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    If you are looking for a great (libgit2) git to html generator, this one rocks: http://git.2f30.org/stagit/log.html

    About escaping in shell, I solved it this way: https://github.com/josuah/bin/blob/master/git-index

    git -C "$1" log --graph --date=short --format='%H  %cd  %cn <%ce>%n%s%n' |
    sed -r -e 's|&|\&amp;|g' -e 's|<|\&lt;|g' \
    	-e 's|([0-9a-f]{8})([0-9a-f]{32})|<a href="commit/\1\2.html">\1</a>|'
    

    So not putting html in --format='', then use sed to 1) escape the < and & 2) look for everything that looks like a commit and convert it.

    result: http://josuah.net/git/bin.git/

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      That solution has all the properties I criticized in the third section: “the worst part of shell” :-(

      It’s a solution that has to be recreated for each type of input data. It doesn’t handle multiline strings. It also doesn’t escape > or ".

      I’m curious if you understood my solution and if you have any criticisms of it. Some people didn’t want to pipe to Python, which could be understandable if you know say Perl better. But that is a detail. Awk is possible, but it’s much more awkward because it doesn’t have re.sub() that takes a callback (no first-class functions in Awk).

      The generator looks nice, but at that point it seems like cgit does the same thing dynamically, and saves you from all the tiny files.

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        You are right, I did not see it. “The Worst Part of Shell: Pushing the Problem Around”.

        Rather than aiming to save storage with a dynamic generator, and saving RAM and CPU with a web cache (Varnish… which uses storage) making a complex huge pile of software (you also need CGI, but wait, nginx does not handle CGI, so you also need fcgiwrap), I like to have statically generated content. That may be a matter of taste… :)

        For multiline input, one could have been using awk.

        There is one thing that looks really trivial and usefull but does not have any standard solution so far as I am aware of: match “$1” and replace with “$2”, without interpreting “$1” and/or “$2” as regular expression. (I am paraphrasing you I guess “callback”).

        For a simple case like a generating an html git log, I prefer doing it with a specific but simpler solution, but for solving the problem in general for the shell, using python might be an overkill, but works every time, unlike with POSIX commands.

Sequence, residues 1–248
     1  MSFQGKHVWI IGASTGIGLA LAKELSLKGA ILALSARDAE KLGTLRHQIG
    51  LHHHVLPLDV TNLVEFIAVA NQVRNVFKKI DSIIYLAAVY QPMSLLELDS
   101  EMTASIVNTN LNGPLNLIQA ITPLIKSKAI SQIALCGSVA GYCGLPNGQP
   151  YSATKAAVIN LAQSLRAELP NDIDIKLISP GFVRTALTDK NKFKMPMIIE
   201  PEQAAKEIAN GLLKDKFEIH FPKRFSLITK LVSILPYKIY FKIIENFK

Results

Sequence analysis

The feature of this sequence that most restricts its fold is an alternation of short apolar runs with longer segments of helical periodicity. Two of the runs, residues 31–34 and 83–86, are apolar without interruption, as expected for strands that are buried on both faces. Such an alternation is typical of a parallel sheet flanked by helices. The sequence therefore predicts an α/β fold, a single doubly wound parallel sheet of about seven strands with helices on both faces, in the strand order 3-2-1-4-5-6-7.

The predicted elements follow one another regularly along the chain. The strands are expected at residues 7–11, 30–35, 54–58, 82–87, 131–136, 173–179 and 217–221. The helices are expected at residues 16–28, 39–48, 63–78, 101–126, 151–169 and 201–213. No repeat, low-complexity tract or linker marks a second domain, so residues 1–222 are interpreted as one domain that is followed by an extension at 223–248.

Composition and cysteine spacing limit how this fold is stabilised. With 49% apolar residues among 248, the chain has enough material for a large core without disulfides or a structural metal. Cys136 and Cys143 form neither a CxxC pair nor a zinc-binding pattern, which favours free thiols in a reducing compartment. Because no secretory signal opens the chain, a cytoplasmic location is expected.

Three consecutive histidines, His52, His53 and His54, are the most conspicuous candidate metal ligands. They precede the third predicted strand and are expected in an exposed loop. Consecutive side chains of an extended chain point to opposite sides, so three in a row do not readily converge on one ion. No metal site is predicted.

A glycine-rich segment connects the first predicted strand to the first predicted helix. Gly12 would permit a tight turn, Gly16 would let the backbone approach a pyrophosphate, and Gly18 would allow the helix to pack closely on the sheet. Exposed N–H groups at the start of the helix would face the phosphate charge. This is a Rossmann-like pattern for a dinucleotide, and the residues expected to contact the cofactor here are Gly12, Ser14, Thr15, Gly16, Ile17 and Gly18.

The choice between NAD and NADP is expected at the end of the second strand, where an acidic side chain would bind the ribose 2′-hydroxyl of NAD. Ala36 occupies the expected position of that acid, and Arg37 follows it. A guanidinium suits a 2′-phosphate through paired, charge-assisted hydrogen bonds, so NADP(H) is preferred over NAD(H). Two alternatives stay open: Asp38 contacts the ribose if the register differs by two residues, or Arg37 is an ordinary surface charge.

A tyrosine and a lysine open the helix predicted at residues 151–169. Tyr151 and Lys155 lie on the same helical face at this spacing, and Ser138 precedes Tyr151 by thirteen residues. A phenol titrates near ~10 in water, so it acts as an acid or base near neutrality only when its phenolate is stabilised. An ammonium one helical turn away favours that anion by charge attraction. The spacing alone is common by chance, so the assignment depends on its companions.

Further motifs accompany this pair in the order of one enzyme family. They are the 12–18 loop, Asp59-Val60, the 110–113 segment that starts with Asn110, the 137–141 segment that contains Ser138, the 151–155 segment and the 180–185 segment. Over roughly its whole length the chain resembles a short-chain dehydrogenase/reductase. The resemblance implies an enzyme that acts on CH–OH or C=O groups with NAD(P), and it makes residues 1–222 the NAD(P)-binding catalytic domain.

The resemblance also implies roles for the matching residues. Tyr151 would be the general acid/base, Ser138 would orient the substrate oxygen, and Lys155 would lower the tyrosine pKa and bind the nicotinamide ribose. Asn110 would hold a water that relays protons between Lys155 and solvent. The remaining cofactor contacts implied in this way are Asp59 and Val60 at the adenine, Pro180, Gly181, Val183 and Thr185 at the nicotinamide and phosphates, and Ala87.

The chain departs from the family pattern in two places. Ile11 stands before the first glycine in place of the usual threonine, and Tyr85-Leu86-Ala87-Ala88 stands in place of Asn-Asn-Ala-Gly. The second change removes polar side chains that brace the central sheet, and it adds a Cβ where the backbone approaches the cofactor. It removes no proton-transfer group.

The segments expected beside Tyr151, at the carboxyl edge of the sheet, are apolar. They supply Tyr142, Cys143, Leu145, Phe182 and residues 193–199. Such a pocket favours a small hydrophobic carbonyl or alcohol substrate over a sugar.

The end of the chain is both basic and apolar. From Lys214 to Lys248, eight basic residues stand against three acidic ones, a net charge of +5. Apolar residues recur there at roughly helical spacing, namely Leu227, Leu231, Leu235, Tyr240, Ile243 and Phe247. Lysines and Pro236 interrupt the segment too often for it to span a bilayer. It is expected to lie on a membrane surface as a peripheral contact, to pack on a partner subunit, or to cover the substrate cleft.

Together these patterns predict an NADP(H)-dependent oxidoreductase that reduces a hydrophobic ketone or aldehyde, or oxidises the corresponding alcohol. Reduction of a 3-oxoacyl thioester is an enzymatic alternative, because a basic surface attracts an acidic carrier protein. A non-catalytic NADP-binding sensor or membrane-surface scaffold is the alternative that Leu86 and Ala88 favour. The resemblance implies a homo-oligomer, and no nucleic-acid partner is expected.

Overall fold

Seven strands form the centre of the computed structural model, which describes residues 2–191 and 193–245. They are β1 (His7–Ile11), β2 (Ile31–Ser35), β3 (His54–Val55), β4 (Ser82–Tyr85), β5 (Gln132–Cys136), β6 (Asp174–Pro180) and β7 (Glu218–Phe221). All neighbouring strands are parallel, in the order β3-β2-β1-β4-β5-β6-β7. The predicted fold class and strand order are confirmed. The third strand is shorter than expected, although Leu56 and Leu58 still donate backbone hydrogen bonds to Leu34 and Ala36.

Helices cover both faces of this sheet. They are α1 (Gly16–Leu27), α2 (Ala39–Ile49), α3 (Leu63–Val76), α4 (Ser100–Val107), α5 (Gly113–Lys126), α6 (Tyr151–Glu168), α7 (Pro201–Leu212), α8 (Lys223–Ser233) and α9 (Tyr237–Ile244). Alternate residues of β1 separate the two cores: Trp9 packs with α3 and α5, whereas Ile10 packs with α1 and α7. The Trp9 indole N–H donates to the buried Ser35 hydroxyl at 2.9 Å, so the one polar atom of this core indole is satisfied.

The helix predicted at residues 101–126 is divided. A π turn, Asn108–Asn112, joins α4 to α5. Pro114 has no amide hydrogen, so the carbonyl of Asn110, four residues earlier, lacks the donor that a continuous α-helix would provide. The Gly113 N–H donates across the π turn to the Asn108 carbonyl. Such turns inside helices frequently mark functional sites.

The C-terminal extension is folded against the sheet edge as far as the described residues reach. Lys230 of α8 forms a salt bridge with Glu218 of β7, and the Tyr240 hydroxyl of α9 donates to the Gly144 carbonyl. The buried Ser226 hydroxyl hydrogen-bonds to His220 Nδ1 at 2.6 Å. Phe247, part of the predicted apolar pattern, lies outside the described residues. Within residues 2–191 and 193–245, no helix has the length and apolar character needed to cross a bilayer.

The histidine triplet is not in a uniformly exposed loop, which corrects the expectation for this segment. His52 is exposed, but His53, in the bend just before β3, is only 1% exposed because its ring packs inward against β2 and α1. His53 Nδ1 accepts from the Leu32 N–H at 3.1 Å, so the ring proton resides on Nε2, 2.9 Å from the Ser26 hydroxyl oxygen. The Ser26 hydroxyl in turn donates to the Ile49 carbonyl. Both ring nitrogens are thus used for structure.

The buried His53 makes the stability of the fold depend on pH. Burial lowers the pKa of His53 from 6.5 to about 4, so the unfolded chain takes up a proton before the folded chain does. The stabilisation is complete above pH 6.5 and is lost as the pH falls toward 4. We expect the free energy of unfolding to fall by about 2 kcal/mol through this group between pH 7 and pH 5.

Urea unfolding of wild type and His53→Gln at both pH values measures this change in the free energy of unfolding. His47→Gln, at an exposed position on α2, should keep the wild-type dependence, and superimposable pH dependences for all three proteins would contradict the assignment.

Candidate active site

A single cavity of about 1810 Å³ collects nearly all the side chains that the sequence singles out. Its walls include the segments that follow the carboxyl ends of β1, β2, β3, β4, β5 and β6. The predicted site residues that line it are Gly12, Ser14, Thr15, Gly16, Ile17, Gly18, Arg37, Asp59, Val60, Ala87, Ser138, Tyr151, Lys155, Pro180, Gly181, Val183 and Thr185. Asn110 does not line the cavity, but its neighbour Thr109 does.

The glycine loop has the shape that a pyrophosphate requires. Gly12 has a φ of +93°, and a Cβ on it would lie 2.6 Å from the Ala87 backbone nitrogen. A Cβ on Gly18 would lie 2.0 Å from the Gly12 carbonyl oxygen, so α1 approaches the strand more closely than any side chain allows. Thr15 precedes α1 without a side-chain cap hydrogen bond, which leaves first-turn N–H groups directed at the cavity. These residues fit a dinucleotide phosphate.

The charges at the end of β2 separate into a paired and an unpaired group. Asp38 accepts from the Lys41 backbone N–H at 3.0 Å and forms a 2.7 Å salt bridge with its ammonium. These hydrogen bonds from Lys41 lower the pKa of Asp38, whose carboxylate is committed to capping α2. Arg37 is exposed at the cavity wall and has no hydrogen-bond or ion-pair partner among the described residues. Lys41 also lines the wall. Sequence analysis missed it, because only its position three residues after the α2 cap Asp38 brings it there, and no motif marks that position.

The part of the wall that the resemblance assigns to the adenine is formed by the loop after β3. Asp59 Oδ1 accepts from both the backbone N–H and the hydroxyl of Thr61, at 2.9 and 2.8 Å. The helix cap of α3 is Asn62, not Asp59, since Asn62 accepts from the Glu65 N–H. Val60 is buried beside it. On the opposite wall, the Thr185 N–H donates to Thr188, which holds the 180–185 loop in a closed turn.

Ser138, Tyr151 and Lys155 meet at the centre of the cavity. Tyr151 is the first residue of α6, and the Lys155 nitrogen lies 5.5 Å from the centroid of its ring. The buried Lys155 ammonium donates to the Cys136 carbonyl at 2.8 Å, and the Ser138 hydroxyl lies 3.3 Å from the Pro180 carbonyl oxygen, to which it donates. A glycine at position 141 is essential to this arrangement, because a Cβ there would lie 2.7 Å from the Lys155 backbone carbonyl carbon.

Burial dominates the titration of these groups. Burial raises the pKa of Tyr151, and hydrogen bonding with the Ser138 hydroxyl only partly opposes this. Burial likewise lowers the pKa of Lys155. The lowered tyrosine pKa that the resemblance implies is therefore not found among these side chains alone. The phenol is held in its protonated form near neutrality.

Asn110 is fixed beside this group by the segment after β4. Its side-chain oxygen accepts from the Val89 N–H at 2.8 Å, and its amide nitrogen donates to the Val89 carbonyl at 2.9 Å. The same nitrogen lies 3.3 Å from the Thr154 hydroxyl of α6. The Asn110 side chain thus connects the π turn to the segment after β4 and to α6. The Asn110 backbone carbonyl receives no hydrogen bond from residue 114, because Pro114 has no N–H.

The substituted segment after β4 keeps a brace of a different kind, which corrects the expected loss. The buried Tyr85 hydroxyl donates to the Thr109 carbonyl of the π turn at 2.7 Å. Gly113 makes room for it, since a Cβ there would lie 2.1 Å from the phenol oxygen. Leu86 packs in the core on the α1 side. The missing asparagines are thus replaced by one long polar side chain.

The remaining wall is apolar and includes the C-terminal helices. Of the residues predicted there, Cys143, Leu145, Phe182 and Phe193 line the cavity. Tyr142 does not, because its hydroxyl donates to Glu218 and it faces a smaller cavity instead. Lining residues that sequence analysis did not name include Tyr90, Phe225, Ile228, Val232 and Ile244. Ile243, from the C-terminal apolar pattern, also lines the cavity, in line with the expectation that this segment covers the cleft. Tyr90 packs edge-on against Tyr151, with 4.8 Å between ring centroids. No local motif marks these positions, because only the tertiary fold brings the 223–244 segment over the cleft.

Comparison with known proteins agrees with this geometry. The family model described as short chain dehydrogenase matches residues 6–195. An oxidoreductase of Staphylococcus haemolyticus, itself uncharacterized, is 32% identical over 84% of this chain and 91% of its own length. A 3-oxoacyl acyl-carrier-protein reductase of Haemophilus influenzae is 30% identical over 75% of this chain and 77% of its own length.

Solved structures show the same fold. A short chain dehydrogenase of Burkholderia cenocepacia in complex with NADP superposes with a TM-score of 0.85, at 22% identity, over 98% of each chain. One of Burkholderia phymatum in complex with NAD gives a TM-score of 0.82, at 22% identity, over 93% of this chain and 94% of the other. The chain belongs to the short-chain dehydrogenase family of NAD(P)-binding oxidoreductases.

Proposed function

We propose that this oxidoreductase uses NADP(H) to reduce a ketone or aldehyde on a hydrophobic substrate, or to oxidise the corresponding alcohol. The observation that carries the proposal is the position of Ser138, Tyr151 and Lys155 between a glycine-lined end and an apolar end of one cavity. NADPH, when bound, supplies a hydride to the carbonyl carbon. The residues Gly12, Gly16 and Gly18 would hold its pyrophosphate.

I keep in mind the tip: greedy regex trick that prevent “\001” and “\002” in the content to be taken as delimiters.

        On a side note on oil shell: do you aim at solving problems at a more global scale rather than finding a completely different solution every time?

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          Yes, glad you understood what I’m saying.

          Keep in mind the regex is now \x00([^\x00]*)\x00 so you don’t need the non-greedy trick.

          https://github.com/oilshell/blog-code/blob/master/git-changelog/demo-multiline.sh

          I’m no longer suggesting using 0x01 and 0x02 . NUL is better, but it needs specific support from git rather than being able to use bash.


          Yes the idea is to find a solution that works for all types of input. I don’t want to think about individual spaces, newlines, etc. I am going to fold in the re.sub() functionality of Python, which awk/grep/sed are missing.

          This is what lets you simply call html.escape() on each segment without fiddling with match positions and so forth.

          Also I’m not sure if awk/grep/sed even support \x00 to match NUL bytes?

          python -c 'print "a\0b"' | egrep ...? ...
          

          I don’t think there is anything you can do there to match NUL bytes. So yes the traditional Unix toolset is missing another thing I should have mentioned.

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            awk '/\000/ { print }' works.

            This looks like a bit a python script with a shell-like syntax.

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        I just realize that this does not work for your case (table), as there might be commits in the git commit message, which would produce one more cell in the table. I used a <pre> and a <a> for each commit.